I wish we didn’t.
I wouldn’t raise the issue except that the conservative blogs and commentators seem to be horrified by this most minor of pop culture developments—the sexual orientation of a five-decades-old Hanna-Barbara cartoon character?–and the usual progressive suspects are awash with joy. (Well, I guess you have to take your victories where you find them, however minuscule.)
The ethics issues are encompassed in the routine question, “What’s going on here?”
What follows are some related questions and suggested answers. For those of you who are completely popular culture-starved, Velma was and is the most forgettable and dispensable member of the teen ghost-hunting team portrayed in the Saturday Morning cartoon series, “Scooby-Doo, Where Are You!” Scooby-Doo was a talking Great Dane who was scared of ghosts, and, as the title might suggest, was the star of the show. Shaggy, his hippie-dippie owner (there were hippies in 1969) was Scooby’s comic foil, and the rest of the gang was basically window dressing, especially Daphne, who, as cartoon characters go before the advent of Jessica Rabbit, was kind of hot. But Fred, a big blonde dufus who wore an ascot for some reason (many suspected that he was gay), was the bland and useless leader, and shapeless, plain Velma had the least to do and say of all, though she was supposedly the smart one (she wore glasses, after all).
The survival of this thoroughly unfunny and repetitious show through multiple incarnations, a couple of live-action movies and video games is a tribute to unselective nostalgia and creative bankruptcy, but never mind—the point is that they are still churning out this crap, and in the latest Scooby-Doo retread, Velma is shown to be a lesbian: you can see how smitten she is with the alluring “Coco Diablo” in the shot above.
Now the questions:
1. Why make Velma a lesbian? Good question. These are cartoons for kids, presumably pre-teens. Why should sex be a topic in them at all? The original seldom (if ever—I didn’t see too many of these things) even had romantic subplots: the gang was too busy proving that the “ghosts” were really part of a plot for a land speculator to chase people out of some valuable property or an equivalent conspiracy.)
When a really, really stupid controversy arose with the Religious Right claiming that Bert and Ernie on “Sesame Street” were gay, the terse PBS reply was that Bert and Ernie were not gay, and they weren’t straight: they were puppets. The same should apply to Saturday Morning cartoons and their progeny. Sexual matters don’t belong there, or in the brains of their intended audience.
As for the adults and older teens who relish this junk—well, they have bigger problems.
2. Is there any ethical, valid reason to highlight Velma’s sexual orientation? The argument is that LGBTQ children, who already know they are “different” and are thus prey to feeling isolated, oppressed and depressed, benefit from seeing “someone like them” in as many places as possible being accepted and considered “normal.”
Okay. That’s the same theory—rationalization?—that supports grammar school teachers introducing LGBTQ characters, issues and instruction in public school classes. There is some utilitarian justification there.
On the other side, however, is the wisdom of making everything in the culture about sex, no matter how young its audience, and doing so for the theoretical and unproven benefit of a small minority. My ethics verdict is that even accepting arguendo that this has a potential benefit for some children, it is irresponsibly reckless, risky, and unsupported by experience, research or common sense to be tested on a whole generation. Innocence isn’t something to be feared, nor thrown away. Doing so to further very adult political and social agendas is indefensible.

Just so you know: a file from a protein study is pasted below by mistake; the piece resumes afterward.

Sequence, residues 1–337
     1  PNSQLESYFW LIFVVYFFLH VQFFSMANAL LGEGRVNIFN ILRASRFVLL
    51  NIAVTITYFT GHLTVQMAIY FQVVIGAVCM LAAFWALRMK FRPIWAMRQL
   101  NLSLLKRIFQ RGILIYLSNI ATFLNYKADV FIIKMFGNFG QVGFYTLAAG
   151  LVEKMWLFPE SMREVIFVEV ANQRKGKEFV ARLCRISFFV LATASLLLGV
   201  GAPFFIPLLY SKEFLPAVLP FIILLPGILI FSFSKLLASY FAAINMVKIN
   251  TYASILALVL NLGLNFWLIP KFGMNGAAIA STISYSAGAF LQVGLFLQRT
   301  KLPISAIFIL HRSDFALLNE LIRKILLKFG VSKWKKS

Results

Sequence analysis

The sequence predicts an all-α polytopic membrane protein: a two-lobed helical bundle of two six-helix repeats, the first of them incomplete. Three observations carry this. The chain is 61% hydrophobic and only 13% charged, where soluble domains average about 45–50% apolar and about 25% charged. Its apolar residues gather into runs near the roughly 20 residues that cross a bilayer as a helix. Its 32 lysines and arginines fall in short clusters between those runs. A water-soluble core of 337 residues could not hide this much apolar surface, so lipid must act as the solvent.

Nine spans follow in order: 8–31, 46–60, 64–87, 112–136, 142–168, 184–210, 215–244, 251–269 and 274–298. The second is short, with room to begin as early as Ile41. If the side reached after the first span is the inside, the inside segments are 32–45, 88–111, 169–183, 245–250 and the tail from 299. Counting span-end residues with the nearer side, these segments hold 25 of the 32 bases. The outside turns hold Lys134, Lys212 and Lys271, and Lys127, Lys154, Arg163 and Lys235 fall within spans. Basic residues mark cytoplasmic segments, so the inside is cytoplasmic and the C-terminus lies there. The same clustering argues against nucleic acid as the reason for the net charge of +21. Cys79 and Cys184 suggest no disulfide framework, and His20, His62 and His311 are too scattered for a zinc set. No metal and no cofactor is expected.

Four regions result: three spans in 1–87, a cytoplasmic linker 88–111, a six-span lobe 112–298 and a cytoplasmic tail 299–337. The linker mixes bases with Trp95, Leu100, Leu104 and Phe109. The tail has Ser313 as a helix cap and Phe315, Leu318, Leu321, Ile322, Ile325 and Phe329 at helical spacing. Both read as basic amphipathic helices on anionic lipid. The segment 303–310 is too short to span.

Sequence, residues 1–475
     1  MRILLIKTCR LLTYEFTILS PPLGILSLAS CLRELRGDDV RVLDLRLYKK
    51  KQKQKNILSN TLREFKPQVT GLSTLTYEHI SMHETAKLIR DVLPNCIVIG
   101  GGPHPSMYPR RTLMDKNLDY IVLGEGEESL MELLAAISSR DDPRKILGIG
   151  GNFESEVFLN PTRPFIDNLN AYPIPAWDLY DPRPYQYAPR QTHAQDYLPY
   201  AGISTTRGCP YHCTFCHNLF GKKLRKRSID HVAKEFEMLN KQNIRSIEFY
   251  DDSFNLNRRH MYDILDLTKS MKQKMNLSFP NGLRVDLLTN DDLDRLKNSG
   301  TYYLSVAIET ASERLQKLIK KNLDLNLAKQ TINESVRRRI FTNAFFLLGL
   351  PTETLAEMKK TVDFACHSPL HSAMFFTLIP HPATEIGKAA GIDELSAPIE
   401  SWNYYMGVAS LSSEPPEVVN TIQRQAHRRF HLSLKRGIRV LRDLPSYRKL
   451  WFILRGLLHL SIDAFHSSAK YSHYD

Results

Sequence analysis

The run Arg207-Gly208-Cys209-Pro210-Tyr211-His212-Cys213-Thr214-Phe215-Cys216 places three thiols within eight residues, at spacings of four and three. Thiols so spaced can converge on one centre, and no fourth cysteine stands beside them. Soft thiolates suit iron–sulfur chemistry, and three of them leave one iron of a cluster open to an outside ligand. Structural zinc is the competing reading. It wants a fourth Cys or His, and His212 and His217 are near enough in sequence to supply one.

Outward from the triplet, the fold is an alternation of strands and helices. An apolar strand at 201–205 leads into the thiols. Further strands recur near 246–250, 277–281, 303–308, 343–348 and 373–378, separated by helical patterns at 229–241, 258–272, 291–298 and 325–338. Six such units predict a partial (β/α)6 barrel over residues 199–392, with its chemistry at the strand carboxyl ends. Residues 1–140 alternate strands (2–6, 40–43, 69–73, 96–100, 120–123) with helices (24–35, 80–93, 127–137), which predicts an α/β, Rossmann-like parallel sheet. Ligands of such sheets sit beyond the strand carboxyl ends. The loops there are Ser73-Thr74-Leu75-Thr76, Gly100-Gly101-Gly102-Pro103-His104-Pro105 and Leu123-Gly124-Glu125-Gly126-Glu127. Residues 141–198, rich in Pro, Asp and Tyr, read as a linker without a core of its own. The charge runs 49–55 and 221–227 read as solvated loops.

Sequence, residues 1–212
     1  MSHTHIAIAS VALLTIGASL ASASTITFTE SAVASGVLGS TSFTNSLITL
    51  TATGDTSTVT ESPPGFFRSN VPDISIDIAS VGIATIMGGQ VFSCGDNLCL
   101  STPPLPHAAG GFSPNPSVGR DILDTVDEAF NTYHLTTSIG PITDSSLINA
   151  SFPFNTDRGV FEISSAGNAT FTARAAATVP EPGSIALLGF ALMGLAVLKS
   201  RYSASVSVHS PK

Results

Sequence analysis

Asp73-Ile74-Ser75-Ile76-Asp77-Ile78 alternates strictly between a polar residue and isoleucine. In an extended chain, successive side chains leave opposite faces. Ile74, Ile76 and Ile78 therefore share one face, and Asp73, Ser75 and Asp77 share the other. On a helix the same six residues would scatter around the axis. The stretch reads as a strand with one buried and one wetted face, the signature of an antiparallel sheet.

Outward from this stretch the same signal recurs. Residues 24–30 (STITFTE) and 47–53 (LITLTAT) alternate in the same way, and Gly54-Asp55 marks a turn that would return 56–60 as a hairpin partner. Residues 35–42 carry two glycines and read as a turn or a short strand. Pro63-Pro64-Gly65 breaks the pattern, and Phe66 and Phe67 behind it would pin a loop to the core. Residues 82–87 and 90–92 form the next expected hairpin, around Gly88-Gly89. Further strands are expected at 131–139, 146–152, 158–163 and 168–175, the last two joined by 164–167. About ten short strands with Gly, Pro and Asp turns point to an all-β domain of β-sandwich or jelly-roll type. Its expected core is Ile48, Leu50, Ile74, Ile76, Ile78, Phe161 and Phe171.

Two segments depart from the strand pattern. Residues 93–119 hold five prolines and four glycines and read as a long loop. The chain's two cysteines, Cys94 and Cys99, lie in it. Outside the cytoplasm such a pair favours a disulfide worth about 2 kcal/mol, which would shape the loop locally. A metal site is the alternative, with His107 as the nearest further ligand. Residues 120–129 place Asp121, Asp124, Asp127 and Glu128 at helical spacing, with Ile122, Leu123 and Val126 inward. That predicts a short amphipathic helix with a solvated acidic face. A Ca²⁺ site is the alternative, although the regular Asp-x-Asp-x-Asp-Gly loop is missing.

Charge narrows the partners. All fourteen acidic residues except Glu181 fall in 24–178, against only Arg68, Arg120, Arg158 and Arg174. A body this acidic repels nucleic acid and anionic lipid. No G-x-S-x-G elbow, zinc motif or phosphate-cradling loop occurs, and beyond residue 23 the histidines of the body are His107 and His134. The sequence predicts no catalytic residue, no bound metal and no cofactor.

3. What does Gay Velma add to the entertainment values of “Scooby-Doo?” To ask the question is to answer it. Nothing. It’s a talking dog show about hunting ghosts. Is Velma being a lesbian supposed to be funny? That wouldn’t seem to advance the LGBTQ community’s interests. This is a cartoon comedy: how do sexual proclivities add to the yuks? Would it be an enhancement to show Shaggy as a compulsive masturbator? Would 11-year-olds find the show more amusing if Fred wore a bra under his shirt? Would the Roadrunner be funnier if Wiley Coyote was a gay stalker?
I don’t think so.
4. Is Velma worth getting upset about or even thinking about? Tough one. I hate to say it, but I have to conclude that “Scobby-Doo Where Are You!” Lives Matter. American culture, values and sanity are being subjected to a death by a million cuts, every one of them sneaking into our societal bloodstream via Rationalization #33. The Management Shrug: “Don’t sweat the small stuff!” Letting what seemed at the time to be silly, trivial, nutty stuff that ideologues, fanatics and revolutionaries seemed determined to fight over go forward because it didn’t seem worth the effort and energy to take a stand is how we ended up with Leftist indoctrination factories as our universities, open borders, violent criminals being released without bail, legalized recreational drugs, drag shows in libraries and toppled statues, and much more.
“What’s going on here” is that gay, trans and whatever activists are seizing every opportunity to inject political and social propaganda in support of their—what? I’m looking for a non-pejorative description. It’s not “grooming,” exactly: distorted priorities, maybe? It would be as if I had the power to make an admirable character in every movie and TV show a rabid Boston Red Sox fan. That’s an abuse of position, power and influence.
Dumb as it seems to be and is, it matters.